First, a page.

“You don’t know who has been handling the products, it could be an infected person,” it warns.
The woman in the audio does not identify herself but says that she runs a non-profit organisation and attends many workshops where “good and important information” has been passed on.
Her advice to people returning from the grocery store is to soak all cans and bottles in a “strong solution” of salt water and bleach for two minutes. Products that come in boxes and packets need to be wiped down with the same solution. And fruit and vegetables should be soaked in salt water, especially cucumbers and tomatoes as the virus loves to “stick” on them.
Similar advice has been doing the rounds on Facebook. In one video, a “Dr Jeffrey VanWigen” advises people to leave their groceries in their cars or garages for three days before bringing them inside. Thereafter, they need to be disinfected. Fruit and vegetables should be washed with soap and water, he says.
But experts say these steps may not be necessary.
How does Covid-19 spread?
Covid-19 spreads mainly through small droplets from the nose or mouth which are spread when a person with the disease coughs or breathes. These droplets land on objects and surfaces around the person. Other people then catch Covid-19 by touching these objects or surfaces, then touching their eyes, nose or mouth.
People can also catch Covid-19 if they breathe in droplets when a person with the disease coughs out or exhales droplets. This is why the World Health Organization recommends keeping a metre distance from other people, especially sick people.
Little chance of virus spreading on food packaging
“There are several studies showing the virus can survive for several days on plastic, cardboard etc,” Gunnar Sigge, associate professor and head of the department of food science at Stellenbosch University, told Africa Check.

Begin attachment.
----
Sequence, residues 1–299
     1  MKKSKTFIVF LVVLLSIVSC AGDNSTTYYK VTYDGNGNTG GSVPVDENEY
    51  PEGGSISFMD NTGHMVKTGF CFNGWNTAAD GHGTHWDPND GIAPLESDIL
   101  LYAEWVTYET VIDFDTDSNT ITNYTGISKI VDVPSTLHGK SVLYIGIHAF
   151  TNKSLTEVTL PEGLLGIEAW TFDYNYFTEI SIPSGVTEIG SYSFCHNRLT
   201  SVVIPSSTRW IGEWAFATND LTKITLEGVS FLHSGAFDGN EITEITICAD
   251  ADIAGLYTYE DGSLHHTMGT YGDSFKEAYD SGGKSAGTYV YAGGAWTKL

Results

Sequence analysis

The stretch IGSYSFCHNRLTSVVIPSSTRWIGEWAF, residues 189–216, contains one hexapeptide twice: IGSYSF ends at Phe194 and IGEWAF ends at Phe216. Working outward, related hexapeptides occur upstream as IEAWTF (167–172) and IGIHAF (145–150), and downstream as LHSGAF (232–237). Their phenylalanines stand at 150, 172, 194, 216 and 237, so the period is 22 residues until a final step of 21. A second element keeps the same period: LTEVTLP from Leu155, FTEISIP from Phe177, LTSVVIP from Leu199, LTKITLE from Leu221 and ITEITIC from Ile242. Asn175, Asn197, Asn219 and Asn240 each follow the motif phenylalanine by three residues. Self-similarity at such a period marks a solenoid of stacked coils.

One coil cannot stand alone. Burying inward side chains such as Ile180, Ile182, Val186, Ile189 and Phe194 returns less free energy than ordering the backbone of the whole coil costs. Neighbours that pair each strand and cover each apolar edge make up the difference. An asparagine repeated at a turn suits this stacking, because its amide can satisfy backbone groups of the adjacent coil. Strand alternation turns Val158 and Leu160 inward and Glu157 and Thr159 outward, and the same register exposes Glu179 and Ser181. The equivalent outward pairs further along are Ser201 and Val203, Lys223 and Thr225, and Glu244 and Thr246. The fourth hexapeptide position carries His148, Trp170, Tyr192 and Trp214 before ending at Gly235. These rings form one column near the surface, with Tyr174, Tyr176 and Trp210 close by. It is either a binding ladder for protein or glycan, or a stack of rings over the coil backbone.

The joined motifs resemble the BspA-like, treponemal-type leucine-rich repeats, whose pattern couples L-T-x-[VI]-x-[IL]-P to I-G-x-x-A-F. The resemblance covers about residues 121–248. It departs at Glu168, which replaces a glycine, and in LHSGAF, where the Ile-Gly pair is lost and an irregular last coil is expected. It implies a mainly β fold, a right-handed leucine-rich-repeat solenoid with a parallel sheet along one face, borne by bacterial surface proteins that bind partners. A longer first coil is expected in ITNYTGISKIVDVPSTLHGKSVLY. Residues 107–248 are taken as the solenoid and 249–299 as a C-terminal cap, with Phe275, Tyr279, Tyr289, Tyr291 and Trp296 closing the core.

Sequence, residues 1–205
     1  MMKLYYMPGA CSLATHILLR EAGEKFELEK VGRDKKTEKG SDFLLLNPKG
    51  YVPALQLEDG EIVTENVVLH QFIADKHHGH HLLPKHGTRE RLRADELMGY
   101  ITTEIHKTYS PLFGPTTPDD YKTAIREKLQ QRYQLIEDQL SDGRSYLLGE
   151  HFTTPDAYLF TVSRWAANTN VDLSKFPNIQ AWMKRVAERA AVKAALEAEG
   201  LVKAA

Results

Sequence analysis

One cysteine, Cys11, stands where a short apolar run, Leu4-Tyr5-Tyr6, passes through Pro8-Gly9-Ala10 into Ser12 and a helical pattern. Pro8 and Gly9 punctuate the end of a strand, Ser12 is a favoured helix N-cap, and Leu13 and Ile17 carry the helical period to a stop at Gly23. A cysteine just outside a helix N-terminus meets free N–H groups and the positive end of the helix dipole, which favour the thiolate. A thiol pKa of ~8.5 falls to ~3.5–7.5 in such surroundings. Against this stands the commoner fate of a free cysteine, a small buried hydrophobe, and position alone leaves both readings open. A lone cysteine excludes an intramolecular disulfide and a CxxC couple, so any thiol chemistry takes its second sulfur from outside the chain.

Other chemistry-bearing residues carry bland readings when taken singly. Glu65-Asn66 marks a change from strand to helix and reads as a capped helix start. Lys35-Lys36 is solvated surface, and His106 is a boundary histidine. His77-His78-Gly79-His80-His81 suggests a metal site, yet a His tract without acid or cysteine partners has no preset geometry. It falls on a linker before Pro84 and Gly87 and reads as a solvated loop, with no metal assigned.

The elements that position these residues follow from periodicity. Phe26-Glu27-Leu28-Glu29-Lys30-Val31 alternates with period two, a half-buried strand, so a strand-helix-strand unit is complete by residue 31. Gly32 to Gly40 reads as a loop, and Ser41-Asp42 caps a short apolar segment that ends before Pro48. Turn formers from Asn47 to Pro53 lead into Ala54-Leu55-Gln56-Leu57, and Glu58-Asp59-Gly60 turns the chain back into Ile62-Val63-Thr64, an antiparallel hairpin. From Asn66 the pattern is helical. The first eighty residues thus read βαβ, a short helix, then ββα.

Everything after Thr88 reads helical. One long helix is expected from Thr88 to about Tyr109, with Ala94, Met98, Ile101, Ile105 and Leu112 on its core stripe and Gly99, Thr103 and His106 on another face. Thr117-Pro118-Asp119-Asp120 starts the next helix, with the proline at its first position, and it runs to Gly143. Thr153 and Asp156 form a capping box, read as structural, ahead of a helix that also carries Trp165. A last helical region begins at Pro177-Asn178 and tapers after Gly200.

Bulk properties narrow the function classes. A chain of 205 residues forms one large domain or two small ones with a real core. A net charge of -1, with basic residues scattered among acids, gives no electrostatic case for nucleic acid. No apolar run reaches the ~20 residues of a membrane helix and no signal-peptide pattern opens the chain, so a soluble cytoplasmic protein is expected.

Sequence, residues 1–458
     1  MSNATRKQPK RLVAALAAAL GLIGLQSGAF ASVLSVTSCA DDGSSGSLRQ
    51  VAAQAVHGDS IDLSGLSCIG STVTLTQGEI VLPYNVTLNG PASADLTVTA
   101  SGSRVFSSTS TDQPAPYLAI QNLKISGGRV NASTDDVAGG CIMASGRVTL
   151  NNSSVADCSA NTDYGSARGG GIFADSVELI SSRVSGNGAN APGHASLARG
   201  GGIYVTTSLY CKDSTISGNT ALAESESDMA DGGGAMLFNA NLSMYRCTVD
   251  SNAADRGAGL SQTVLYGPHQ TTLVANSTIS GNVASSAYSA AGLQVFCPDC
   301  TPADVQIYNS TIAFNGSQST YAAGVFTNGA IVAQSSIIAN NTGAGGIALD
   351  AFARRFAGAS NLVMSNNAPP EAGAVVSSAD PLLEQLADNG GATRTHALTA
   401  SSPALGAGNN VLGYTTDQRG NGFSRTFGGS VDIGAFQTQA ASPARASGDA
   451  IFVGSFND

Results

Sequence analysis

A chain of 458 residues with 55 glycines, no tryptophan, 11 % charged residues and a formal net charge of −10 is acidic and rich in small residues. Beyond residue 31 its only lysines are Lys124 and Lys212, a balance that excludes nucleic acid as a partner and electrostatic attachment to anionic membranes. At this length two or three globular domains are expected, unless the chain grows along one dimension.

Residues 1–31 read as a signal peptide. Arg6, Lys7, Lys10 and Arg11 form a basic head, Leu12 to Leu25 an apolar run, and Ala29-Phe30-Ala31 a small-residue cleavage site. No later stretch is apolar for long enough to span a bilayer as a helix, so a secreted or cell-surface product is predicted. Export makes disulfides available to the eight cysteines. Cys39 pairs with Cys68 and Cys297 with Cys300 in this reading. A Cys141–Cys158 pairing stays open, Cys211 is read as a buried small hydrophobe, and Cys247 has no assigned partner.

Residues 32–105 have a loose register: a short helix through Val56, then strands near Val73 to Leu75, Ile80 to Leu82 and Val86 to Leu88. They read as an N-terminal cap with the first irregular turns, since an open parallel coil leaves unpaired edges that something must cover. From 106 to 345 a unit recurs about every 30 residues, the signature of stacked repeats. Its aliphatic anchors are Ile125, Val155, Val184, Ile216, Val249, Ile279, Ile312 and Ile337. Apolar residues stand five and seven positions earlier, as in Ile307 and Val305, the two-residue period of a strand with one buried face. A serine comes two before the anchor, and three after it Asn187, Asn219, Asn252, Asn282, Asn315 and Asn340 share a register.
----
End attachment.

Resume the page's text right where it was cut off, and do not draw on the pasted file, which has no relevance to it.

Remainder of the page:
“So, theoretically, if the food packaging were handled by someone infected with the virus, it could be on the packaging.”
But the risk of transmission would be very low. “In these times we’re expecting that food producers, packers, handlers etc. are all taking even more stringent precautions to prevent the spread of any pathogens,” he said.
Dr Donald Schaffner, distinguished professor in the department of food science at Rutgers University in the US, agrees. “As far as we know, Covid-19 is not spread via food or food packaging,” he told Africa Check.
“The biggest risk that you face from your groceries is the risk that you face by going into the grocery store to get them, in other words it’s the risk from being around other people.”
So what precautions should we be taking with our groceries?
Keep it simple: wash your hands
“I’ve read that salt is very ineffective against the virus, so I’m not sure if saltwater would be any help at all. Household bleach would probably only be slightly more effective,” Sigge said.
Both of these liquids together could wash off some of the virus, but regular hand washing while preparing meals would still be the better option, he said.
And do we need to be particularly worried about tomatoes and cucumbers?
“Washing fresh vegetables before preparation has always been a good idea,” Sigge said.
Schaffer said soaking tomatoes and cucumbers in salt water couldn’t do any harm. “But I don’t think there’s any evidence that there is any benefit either.”
As for the suggestion that fruit and vegetables should be washed with soap and water, Schaffner says this is also not recommended.
“Soap can cause nausea, vomiting and diarrhea if ingested. Save the soap for cleaning your hands and your dishes.” – Africa Check
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